So what were these people doing? They were building temples, sacred places where they could go to commune with diety and perform their sacred ceremonies, rites, and ordinances.
If you’ve made it this far in the post, congratulations. Probably 95% will have dropped off by now. Who cares about that old wreck Stonehenge, right? It has nothing to do with me. Well, it has much more to do with us than we might casually admit or recognize. Nibley saw it, he recognized it, and largely thanks to him our knowledge of the temple is placed squarely in the milieu of religious worship since the beginning of time.
The similarities between the restored ordinances of the LDS temple and the various theories that exist about Stonehenge go much deeper than first appearances:
- Gigantic calendar – The temple has always been a place where, as Nibley said, “one gets one’s bearings on the universe”6. The temple is a model of the universe7. Even the newest member of the Church recognizes the vast number of cosmological symbols which adorn our temples, on the outside and within. The temple connects us with the heavens, the planets, the stars, the orbits, the motions, the dwelling place of God. The temple is the gate of heaven (Gen. 28:17). It connects us back to God.
- Religious worship site – As Nibley extensively noted, Stonehenge was a religious site, as were all the other stone circle creations of man in ancient times. They were places where man got in touch with the Gods. God spoke to man there, and man to God. It represented the center of the cosmos, where God dwells. It was where people traveled far or near to worship deity. This is precisely the same of our modern-day temples.
- Monument for the dead – I don’t think there is a greater monument or establishment to the dead in all the world than the Latter-day Saint temples which dot the earth today. 99.9% of the work that we do there is for the salvation and redemption of the dead, so that they might receive the ordinances of the gospel of Jesus Christ that they had no opportunity to in mortality. The gates of hell have not prevailed. They have been thrown open wide by Jesus Christ, and many thousands upon thousands are being redeemed every day in holy temples scattered across the world, dedicated to the work of the Lord. Billions of names have been gathered in preparation for the work. Around the year 350 A.D. Cyril of Jerusalem gave the following as part of the instruction in the early Christian prayer circle practice, hinting at a kind of vicarious offering of the atonement for the dead:
After that we remember the dead—patriarchs, prophets, apostles, martyrs—that God might grant our petition through the joining of our prayers with theirs. Then we pray for … all of our own people who have fallen asleep, believing that the greatest possible benefit can come to the spirits on whose behalf (hyper hon) the petition is made.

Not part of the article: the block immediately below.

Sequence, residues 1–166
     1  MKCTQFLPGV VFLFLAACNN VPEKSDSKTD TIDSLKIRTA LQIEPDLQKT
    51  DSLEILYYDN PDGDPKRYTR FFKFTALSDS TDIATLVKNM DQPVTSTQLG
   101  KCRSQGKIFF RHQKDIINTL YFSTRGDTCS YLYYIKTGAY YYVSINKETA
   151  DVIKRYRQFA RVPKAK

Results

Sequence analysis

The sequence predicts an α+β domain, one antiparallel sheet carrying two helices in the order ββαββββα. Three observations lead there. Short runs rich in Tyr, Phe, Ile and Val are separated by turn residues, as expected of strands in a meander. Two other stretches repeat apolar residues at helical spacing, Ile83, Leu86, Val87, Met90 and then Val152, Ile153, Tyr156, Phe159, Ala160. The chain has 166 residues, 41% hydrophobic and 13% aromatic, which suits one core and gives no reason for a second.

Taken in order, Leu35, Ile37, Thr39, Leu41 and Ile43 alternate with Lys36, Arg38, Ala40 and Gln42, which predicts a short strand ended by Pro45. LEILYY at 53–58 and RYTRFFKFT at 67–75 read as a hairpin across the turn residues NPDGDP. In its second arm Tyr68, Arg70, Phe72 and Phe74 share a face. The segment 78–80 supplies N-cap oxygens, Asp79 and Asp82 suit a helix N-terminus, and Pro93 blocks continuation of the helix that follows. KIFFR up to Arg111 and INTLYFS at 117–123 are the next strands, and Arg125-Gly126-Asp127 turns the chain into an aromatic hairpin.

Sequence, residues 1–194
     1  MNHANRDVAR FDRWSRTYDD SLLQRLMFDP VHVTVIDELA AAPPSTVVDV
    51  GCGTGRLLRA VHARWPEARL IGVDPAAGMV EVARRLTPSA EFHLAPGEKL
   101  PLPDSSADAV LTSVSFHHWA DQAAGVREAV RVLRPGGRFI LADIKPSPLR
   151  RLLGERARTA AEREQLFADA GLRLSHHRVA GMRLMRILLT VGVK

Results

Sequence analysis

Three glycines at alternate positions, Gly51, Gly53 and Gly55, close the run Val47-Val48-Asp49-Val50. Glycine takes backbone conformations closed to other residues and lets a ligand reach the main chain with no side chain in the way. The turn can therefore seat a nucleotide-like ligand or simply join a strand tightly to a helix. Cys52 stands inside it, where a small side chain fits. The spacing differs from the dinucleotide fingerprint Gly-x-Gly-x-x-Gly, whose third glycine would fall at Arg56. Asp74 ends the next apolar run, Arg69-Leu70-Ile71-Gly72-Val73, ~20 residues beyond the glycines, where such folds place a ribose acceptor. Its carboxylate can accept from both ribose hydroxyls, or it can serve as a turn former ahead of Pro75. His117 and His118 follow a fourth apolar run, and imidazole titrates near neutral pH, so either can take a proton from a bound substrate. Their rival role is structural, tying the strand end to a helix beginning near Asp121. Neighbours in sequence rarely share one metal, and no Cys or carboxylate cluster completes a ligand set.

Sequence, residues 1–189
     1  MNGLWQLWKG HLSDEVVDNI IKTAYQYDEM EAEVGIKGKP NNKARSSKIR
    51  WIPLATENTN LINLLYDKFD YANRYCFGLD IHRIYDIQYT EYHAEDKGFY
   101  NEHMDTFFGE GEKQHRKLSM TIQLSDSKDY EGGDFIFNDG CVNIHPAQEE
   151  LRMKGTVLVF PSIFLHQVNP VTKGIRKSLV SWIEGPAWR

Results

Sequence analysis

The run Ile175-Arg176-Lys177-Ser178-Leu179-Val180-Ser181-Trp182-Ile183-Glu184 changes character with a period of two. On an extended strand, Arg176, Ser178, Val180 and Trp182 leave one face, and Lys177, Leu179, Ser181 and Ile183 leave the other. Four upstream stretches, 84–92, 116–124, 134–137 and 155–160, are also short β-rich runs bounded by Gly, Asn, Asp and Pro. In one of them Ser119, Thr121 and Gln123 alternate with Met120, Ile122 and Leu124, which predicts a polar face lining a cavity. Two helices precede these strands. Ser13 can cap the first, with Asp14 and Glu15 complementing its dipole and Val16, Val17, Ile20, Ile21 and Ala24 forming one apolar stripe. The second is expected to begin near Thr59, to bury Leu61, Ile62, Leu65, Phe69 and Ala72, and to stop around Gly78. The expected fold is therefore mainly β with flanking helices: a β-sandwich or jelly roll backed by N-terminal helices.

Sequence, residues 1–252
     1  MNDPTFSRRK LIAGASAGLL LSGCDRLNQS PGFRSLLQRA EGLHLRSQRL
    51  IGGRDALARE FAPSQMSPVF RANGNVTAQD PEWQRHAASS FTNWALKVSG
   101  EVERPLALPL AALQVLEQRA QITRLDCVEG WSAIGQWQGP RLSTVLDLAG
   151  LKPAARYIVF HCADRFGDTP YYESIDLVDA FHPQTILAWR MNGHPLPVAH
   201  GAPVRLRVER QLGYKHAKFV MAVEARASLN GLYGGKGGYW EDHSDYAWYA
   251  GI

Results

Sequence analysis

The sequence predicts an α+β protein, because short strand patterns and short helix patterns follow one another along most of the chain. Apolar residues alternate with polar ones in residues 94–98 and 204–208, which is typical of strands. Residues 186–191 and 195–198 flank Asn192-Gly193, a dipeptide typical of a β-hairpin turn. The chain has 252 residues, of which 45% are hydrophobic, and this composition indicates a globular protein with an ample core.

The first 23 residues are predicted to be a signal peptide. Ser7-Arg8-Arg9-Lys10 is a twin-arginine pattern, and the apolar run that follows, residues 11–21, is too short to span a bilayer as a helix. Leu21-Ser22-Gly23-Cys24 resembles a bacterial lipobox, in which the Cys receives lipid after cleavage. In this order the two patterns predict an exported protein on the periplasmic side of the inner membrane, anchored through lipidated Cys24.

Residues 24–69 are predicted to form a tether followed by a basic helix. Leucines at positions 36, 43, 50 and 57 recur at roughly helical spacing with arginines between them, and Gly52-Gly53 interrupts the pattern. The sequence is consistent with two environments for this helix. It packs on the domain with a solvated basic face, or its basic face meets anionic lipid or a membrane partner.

I have often heard people ask: What good does it do the departed spirit, whether the person was good or bad in life, to be remembered in the prayer? … Ans. By doing for them and for ourselves what a loving God requires (exileoumenoi), we make available (prospheromen) the atoning sacrifice which Christ made for our sins.8
- Extraterrestrial landing site – This might seem out of the realm of relationship with the temple, but it is not. Extraterrestrials are none other than beings or personages from another place. We do not believe in the aliens of popular folklore, the little green men with oversized heads and eyeballs. Modern revelation to prophets and apostles has revealed that there is other life in the universe besides us, and it is the very same life as we are – people. God’s creations are as innumerable as the sands of the sea, and each of them have human beings living on them, sons and daughters of God, just like us (Moses 1:35). Latter-day Saints believe that God and angels have visited the earth anew since the beginning of the restoration (JS-H 1). Indeed, from the very beginning of time, this earth was populated from people from another place (i.e. heaven). We believe that the temple is a place where God and his angels can come to this earth and commune with the saints. They walk the halls. They witness the ordinances. They interact with the patrons. They facilitate the work, both inside and outside the temple. They have been seen countless times in temples since Kirtland. God and his angels are not absent from the his work on the earth.
- Healing center – The latest theories, especially those of the current excavators, surrounding Stonehenge are that it was a place of healing, where people could gather who had ailments, and the sanctity and supernatural powers of the spot would help cure them. LDS temples today have prayer rolls in the temples whereupon the names of people who are sick and afflicted (either physically, emotionally, mentally or spiritually) may be written, and for whom prayers are then offered up in the temple.9 We believe the words of James who said, “Confess your faults one to another, and pray one for another, that ye may be healed. The effectual fervent prayer of a righteous man availeth much” (James 5:16). As part of the same instruction from Cyril in the fourth century on the early Christian prayer circle we read:
We pray for the common peace of the church and the well-being of the world (kosmos), for kings, commanders, and allies, for the sick and afflicted, and in short for all who need help.10
Stonehenge is not something that is so unrelated to our present situation that we cannot understand it. It has served the same purpose that many sacred spaces have since the beginning, and which has been restored in its true and correct form today in the Latter-day Saint temples, the house of the Lord.Notes:
- Hugh Nibley, “Temples Everywhere,” 2005, <http://farms.byu.edu/display.php?table=insights&id=418> [↩]
- Hugh Nibley, “The Meaning of the Temple,” <http://farms.byu.edu/display.php?table=transcripts&id=58> [↩]
- Hugh Nibley, “The Heritage of Cain,” Ancient Documents and the Pearl of Great Price, 5 [↩]
- Hugh Nibley, “The Circle and the Square,” Temple and Cosmos, 163-69 [↩]
- Hugh Nibley, “What is a Temple?”, Mormonism and Early Christianity, 371 [↩]
- ibid., 357-58 [↩]
- ibid. [↩]
- Hugh Nibley, The Message of the Joseph Smith Papyri, 2nd ed., 282 [↩]
- Link to LDS Content on the prayer roll. [↩]
- Hugh Nibley, The Message of the Joseph Smith Papyri, 2nd ed., 282 [↩]